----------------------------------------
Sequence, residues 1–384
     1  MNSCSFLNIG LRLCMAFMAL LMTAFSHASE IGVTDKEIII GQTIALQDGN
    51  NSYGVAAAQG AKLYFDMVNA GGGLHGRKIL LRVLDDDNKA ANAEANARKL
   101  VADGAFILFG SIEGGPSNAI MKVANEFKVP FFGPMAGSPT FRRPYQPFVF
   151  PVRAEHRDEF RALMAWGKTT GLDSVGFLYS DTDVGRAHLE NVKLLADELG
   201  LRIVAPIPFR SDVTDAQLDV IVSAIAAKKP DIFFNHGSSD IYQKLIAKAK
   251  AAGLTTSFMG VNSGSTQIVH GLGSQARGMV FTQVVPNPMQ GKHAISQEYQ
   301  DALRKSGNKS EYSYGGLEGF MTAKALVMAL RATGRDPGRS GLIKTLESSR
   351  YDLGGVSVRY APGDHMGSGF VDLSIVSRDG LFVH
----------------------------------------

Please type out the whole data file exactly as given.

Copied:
Sequence, residues 1–384
     1  MNSCSFLNIG LRLCMAFMAL LMTAFSHASE IGVTDKEIII GQTIALQDGN
    51  NSYGVAAAQG AKLYFDMVNA GGGLHGRKIL LRVLDDDNKA ANAEANARKL
   101  VADGAFILFG SIEGGPSNAI MKVANEFKVP FFGPMAGSPT FRRPYQPFVF
   151  PVRAEHRDEF RALMAWGKTT GLDSVGFLYS DTDVGRAHLE NVKLLADELG
   201  LRIVAPIPFR SDVTDAQLDV IVSAIAAKKP DIFFNHGSSD IYQKLIAKAK
   251  AAGLTTSFMG VNSGSTQIVH GLGSQARGMV FTQVVPNPMQ GKHAISQEYQ
   301  DALRKSGNKS EYSYGGLEGF MTAKALVMAL RATGRDPGRS GLIKTLESSR
   351  YDLGGVSVRY APGDHMGSGF VDLSIVSRDG LFVH